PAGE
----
I Don’t Understand “Wealth”

Or, for lack of a better term, money-hoarding. My parents are always stressing the need to get a high-paying job, and I just can’t relate. I don’t care about money. All these CEOs making 15 million dollars a year… what do you do with that? What’s the point? I only want enough money to live comfortably. And, I suppose, living comfortably to me may be completely different from other people. Really, I just don’t want to have a lot of stuff. I don’t want to hoard cars and electronics, or boast the size of my backyard swimming pool. I don’t need to travel the world, or retire early and live in luxury until I die. I just want to be able to buy food, have a home, and support myself and whoever is part of my life without money worries. I feel like having too little or too much money can only lead to problems, and I would rather be comfortable somewhere in between. And for that, I don’t need to be at top of a company or working for the largest corporations. I just want a simple life where I can be happy. Why is that so hard to understand?

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About janinerussell

The transition to adulthood; reflecting on the past to create a better future.

8 responses to “I Don’t Understand “Wealth””

  1. youngandtwenty says :

    I’ve learned there’s a real sense of happiness that’s so unexplainable but definently not able to be bought. Such a great perspective to ahve, keep on that path 🙂

  2. eddy says :

    I know exactly what you mean. 2 years ago I quit a high paying sailing job to pursue my dreams. My parents have accepted my decision but they too find it hard to understand why I don’t want to earn a lot of money.

    I guess it’s not their fault. They’ve been brought up in a society in which hoarding is encouraged. Consumerism it’s called. Advertising tells you to buy all these products and triggers your happiness centers by showing smiling beautiful people in the ads. You think you’ll be happy if you just buy more.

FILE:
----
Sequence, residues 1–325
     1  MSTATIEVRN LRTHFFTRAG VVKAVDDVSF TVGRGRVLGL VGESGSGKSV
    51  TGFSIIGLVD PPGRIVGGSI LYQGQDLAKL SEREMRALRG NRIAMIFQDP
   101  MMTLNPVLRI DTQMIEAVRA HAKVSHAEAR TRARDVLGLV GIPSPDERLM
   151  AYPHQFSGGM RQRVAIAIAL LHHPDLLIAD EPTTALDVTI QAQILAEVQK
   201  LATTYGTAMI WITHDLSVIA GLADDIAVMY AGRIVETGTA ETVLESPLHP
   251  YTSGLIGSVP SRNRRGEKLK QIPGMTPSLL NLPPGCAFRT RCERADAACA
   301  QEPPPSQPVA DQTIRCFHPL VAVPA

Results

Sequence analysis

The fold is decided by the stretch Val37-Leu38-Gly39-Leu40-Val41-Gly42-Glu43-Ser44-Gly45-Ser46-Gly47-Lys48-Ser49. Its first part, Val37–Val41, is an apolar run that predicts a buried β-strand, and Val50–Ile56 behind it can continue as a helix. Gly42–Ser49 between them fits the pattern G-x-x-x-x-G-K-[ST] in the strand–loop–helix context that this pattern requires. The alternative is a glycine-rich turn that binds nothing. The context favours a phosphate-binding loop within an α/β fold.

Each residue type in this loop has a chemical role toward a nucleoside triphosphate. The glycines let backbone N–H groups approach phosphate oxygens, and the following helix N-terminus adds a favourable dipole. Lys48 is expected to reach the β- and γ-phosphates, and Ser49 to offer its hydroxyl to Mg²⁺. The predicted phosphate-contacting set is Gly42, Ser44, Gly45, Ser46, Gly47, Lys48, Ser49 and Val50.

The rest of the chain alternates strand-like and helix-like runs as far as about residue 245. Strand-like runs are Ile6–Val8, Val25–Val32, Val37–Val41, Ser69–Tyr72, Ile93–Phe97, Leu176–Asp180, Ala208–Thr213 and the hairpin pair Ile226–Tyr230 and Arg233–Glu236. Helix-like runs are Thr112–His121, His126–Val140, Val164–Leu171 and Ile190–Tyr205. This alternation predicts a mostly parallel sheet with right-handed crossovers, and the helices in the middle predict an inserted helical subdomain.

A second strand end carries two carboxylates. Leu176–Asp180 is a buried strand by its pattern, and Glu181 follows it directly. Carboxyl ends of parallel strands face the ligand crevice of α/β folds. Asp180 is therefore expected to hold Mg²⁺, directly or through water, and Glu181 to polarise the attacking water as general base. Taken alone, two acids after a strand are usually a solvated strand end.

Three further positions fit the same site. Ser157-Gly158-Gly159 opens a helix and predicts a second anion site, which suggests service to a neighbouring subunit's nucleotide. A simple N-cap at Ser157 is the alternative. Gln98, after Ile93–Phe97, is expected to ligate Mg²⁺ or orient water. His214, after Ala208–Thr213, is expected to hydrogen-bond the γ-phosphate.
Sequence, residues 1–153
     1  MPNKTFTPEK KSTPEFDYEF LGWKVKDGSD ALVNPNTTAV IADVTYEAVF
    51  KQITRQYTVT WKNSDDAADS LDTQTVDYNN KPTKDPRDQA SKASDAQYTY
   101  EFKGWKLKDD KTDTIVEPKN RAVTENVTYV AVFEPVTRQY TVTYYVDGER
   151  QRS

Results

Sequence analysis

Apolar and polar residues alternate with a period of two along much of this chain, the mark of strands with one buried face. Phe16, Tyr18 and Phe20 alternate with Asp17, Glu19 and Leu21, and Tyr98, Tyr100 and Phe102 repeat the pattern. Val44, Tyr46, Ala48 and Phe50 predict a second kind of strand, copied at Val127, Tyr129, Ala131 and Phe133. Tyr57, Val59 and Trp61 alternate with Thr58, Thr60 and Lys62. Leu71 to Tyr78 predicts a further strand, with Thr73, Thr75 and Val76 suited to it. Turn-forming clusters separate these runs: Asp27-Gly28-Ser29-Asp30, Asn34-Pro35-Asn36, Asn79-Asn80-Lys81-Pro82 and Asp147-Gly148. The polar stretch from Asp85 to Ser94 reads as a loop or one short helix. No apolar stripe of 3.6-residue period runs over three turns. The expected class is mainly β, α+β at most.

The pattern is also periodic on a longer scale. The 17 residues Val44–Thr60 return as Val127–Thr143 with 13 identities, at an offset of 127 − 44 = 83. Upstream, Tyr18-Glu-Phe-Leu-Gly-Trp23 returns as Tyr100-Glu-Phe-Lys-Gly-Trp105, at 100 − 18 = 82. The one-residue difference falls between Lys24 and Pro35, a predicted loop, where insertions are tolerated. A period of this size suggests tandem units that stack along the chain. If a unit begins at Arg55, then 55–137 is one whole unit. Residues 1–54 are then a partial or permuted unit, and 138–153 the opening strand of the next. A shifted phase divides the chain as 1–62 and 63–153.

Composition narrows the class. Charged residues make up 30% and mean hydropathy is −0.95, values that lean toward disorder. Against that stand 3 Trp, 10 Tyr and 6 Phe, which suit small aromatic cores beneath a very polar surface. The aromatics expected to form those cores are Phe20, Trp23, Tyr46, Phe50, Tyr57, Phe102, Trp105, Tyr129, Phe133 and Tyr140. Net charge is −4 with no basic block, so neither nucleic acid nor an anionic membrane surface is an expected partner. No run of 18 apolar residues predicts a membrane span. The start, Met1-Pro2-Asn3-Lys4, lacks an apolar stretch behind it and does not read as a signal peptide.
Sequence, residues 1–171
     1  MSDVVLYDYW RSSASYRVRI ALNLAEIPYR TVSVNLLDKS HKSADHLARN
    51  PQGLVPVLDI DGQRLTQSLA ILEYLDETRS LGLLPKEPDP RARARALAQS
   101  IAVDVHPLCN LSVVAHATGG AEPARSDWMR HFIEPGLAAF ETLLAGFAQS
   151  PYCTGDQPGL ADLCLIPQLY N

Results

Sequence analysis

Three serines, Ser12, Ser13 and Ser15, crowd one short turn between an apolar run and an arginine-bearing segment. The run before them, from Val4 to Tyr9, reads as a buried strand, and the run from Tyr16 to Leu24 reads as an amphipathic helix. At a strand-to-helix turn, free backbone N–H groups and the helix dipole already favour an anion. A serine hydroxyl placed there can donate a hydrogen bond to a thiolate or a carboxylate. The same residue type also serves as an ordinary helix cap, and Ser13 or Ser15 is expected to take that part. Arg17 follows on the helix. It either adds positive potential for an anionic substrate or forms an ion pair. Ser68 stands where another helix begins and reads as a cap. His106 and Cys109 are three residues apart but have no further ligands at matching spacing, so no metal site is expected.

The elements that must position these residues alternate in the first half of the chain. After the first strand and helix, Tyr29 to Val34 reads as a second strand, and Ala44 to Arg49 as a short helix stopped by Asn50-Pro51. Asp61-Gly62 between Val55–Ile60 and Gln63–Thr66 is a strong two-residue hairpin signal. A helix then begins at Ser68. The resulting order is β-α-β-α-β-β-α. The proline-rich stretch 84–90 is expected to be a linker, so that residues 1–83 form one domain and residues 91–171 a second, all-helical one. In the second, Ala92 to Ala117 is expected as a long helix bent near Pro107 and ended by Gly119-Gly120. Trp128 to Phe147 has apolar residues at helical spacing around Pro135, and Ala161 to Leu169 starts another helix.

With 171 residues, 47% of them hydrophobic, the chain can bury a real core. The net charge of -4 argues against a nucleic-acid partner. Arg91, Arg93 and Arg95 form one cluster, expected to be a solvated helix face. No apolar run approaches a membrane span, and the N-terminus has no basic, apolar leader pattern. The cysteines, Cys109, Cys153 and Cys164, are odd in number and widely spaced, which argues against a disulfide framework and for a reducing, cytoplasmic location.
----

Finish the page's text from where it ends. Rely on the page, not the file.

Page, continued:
But happiness has nothing to do with how much money or stuff you have. No matter how rich or poor you are happiness will come and go followed by sadness that too will come and go. It’s a cycle. People try to hold on to happiness and avoid sadness and the cycle slows down. But if you just flow through it, you’ll live a fuller life.

    Today’s generation has seen the height of materialism and consumerism and at least a few are realising that it doesn’t make sense.

  3. vanillachai14 says :

    Completely agree!

  4. Deborah says :

    Who wants to work at a job that drains your soul for money. I think the hidden agenda here is sometimes that it’s not just about wealth in terms of buying, but the belief that wealth means power and status. And I suppose it does, but I don’t want that kind of power or status.

  5. TheBitchWhoKnits says :

    I agree!
    Add how hard it is to find decent jobs and be treated well, at least in this area it’s becoming harder and harder to find and employers no longer care….
    I’ve already come to terms that I will work til I die. I just want to live simply, grow my own veggies and raise some chickens. How nice would it be to work for yourself??

  6. Gerri says :

    Went to school, became a Registered Nurse, liked it for a while, payed for my own apartment, started making me crazy, became unhappy, did not want to pass that unhappiness on to my own kids, quit to the horror of family members–what about the money? they would ask. The money didn’t matter. My inner happiness is what mattered and through the years, I’ve always managed to get along. So much happier!

    • janinerussell says :

      Thank you for telling your story. I think there’s a lot of us out there who worry about what would happen if this career we think we want doesn’t work out. And the truth is things will work out somehow and you’ll probably be happier because of it. Glad life is looking up for you! And congratulations on having the courage to do what’s best for you!

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